Location: Seattle, WA
According to a new analysis by Seattle-based Sightline Institute, one of Washington State’s few fees designed to discourage toxic pollution is undermined because it gives bulk discounts to some of the state’s biggest polluters.
As a result, the fee—the Hazardous Waste Planning Fee—hits hardest on small- and mid-size businesses and gives big producers a free pass to pollute.
“The fee should follow the ‘polluter pays’ principle,” said Alan Durning, executive director for Sightline, who co-authored the analysis with analyst David Kershner. “Instead, because the fee is capped, once a facility is over the cap, it has no incentive to cut back on pollution. And it’s fundamentally unfair.”
The analysis provides a number of key examples:
- In 2006, Canyon Creek Cabinet Company in Monroe—a typical mid-size waste generator that makes wooden cabinets for new homes and remodeling projects—paid $220 per ton for each of the 23 tons of used paint solvent and other hazardous materials it disposed of.
- The same year, specialty chemicals-maker Emerald Kalama Chemical (formerly Noveon Kalama), the state’s largest hazardous polluter, paid just 81 cents per ton for the more than 20,000 tons of toxic-laden tar and other wastes it generated at its plant beside the Columbia River.
Like Canyon Creek, the overwhelming majority of hospitals, laboratories, manufacturers, metals processors, and other facilities that generated appreciable quantities of hazardous materials in Washington paid $220 per ton in 2006.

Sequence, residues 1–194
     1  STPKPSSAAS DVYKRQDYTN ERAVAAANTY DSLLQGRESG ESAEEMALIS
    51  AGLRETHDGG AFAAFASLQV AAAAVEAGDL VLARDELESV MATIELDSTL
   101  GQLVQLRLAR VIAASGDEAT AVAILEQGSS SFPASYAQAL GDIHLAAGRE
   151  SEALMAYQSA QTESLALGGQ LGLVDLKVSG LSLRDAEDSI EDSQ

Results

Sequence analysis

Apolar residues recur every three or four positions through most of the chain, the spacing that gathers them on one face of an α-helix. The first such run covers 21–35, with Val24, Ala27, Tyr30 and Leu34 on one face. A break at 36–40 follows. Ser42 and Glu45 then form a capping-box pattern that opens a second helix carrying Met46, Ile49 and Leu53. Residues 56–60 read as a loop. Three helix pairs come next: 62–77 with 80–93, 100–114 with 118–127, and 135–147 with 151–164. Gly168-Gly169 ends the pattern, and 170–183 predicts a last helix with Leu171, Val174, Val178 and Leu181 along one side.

But Emerald Kalama Chemical and 46 other very large generators of hazardous wastes—the 12 percent of firms that together produced more than 90 percent of hazardous wastes covered by the program—paid less than $16 per ton, on average. In fact, the large generators got a discount averaging 93 percent.
The cause of this inverted incentive scheme is that the Hazardous Waste Planning Fee is capped by law. No matter how much toxic waste a facility generated in 2006, for example, it could not pay more than $16,755.
The analysis recommended eliminating this cap so that all waste is taxed equally.
“Eliminating the cap would clean Washington’s air and water far more effectively than the current fee, because it would motivate waste prevention among bulk polluters,” said Durning. “It would also make the tax fair to the hundreds of small and mid-size firms who are already doing their part for a clean Washington by paying the regular fee.”
Durning said that revising the fee’s structure would also improve its fairness and effectiveness.
“The revised fee would help protect our health, protect our natural heritage, and make prices tell the truth,” said Durning.
Download a complete pdf of the analysis here.